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Ma Ying-jeou responds to student demands
Taiwan News, Staff Writer
2014-03-23 05:17 PM
Ma Ying-jeou posed a rhetorical question in a press conference Sunday at noon, asking "Are we not proud of Taiwan's democracy and rule of law?" Ma asserted that the behavior of students protesting the Cross-Strait Agreement on Trade in Services has affected the functions of the government and is in violation of the rule of law. At the same time, he also stressed that the agreement must be allowed to pass for the sake of Taiwan's economy, otherwise it will affect our country's international reputation. Members of the local and foreign media were put off by the Presidential Office’s restriction to only three questions from reporters, and Ma left quickly as soon as the allotted three questions had been asked..

Students opposing the trade pact have pointed out the Ma Ying-jeou participated in student movements to fight for recognition of students studying in the US when he was a student at Harvard. Alerted to this fact, Ma quickly changed the subject, saying that rule of law is the foundation of democracy, and noting that upholding rule of law is a fundamental basis of democracy in Taiwan. He added that the trade agreement is still being studied and has not yet been finalized, but the students pointed out that they were not satisfied with the way the congressional review procedure has been progressing. Ma asked, "Is this the kind of democracy we want? Are we not proud of Taiwan's democracy and rule of law?" He stressed that there if there is no rule of law, democracy is not guaranteed in Taiwan.

Ma went on to list some of the benefits promised by the trade in services agreement, emphasizing that the agreement is "essential to the future of Taiwan's economy." He pointed out that 70 percent of Taiwan’s GDP comes from foreign trade and noted that tariffs imposed on Taiwan’s products by other countries are some 3% to 7% higher than those imposed on goods from Singapore and South Korea. He said that if Taiwan does not catch up as soon as possible in this area, the island is in danger of being marginalized in world trade. Ma stressed that "regional economic integration is an unstoppable trend everywhere around the world, and we really have no choice, we cannot wait!" He said that pressure from Taiwan’s biggest competitor South Korea means that if the service trade agreement is not signed Taiwan will be totally incapable of competing in the marketplace.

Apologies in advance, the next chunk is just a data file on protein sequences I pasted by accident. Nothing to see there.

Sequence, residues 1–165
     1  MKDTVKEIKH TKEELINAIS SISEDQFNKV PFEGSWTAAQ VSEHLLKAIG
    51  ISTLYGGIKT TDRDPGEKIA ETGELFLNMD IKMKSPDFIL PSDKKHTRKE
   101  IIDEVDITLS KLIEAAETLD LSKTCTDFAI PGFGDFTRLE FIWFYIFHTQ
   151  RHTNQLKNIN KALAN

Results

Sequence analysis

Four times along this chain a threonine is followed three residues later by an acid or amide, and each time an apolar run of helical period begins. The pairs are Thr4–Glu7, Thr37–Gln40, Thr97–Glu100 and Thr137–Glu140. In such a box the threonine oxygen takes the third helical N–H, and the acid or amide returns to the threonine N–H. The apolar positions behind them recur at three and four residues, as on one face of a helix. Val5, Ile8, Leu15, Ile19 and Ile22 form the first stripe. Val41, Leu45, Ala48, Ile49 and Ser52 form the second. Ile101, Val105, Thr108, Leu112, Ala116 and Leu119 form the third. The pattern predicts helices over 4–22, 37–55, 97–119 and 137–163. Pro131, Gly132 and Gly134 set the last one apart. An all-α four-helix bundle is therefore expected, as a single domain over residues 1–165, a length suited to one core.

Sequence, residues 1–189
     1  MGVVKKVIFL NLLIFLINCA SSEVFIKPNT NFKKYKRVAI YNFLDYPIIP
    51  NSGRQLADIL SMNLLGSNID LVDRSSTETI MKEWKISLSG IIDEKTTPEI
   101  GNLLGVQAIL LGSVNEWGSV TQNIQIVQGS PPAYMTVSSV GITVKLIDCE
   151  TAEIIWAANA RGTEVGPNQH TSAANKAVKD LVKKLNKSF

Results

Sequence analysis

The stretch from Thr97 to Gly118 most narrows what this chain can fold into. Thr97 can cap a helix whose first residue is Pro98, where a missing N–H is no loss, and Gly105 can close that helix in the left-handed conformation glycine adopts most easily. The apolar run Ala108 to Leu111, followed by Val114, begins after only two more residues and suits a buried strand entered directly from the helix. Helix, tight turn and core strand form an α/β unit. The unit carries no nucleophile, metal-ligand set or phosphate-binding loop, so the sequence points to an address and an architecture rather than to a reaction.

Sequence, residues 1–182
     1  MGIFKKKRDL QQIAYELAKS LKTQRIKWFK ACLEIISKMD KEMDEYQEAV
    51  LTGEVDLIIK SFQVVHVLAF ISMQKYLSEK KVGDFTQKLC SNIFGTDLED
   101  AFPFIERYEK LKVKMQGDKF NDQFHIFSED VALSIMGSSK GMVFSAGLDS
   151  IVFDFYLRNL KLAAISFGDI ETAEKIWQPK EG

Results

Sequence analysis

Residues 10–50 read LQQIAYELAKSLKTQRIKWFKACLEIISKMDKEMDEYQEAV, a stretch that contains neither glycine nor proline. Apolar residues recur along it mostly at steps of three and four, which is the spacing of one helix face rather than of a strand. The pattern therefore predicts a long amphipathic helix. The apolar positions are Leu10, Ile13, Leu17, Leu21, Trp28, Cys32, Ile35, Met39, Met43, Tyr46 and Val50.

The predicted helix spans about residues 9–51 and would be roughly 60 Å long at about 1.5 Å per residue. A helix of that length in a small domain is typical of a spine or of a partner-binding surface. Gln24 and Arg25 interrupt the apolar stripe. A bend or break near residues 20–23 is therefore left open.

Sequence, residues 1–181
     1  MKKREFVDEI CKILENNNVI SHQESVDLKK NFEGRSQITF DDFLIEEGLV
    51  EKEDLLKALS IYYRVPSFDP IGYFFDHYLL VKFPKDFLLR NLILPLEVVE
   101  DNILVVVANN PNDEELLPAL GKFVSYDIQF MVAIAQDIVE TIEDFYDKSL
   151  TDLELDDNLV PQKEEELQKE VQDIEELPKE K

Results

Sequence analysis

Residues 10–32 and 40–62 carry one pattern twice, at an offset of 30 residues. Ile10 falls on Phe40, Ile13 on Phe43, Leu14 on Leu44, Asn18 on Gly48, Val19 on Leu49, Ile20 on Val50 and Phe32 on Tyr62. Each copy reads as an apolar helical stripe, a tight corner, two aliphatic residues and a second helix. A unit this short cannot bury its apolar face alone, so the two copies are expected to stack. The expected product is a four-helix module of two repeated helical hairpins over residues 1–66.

Ma said that if the agreement does not pass Taiwan’s efforts in building an international reputation will be impacted, and the country will find it more difficult to join blocs like the TPP and RCEP.

A reporter asked whether the cross-strait trade agreements address all relevant national security factors and enquired why the government has been reluctant to publish any national security impact assessment reports regarding the trade in services agreement. Ma responded that Beijing has brought absolutely no pressure on Taiwan to sign the agreement, pointing out that the agreement limits China’s stake in joint ventures on projects in the construction industry will be limited to a maximum of 12% and cannot include public works projects or projects in the telecommunications industry.

Many people appear to be more concerned about KMT legislator Ching-chung Chang’s remark about "secret readings" of clauses than the actual advantages and disadvantages supposedly posed by the trade in services agreement. Such private discussions have been reportedly held regarding sections of the trade in services agreement before they are sent to the full Legislative Yuan. Ma pointed out that the DPP-led committee had earlier allowed KMT legislators to speak, but when the rotating presidency returned management of the committee to the KMT, the ruling party would not even allow opposition members to speak out on issues. In this situation parts of the trade in services agreement were sent to the full Legislative Yuan, but opposition figures insist that they need to be re-examined.

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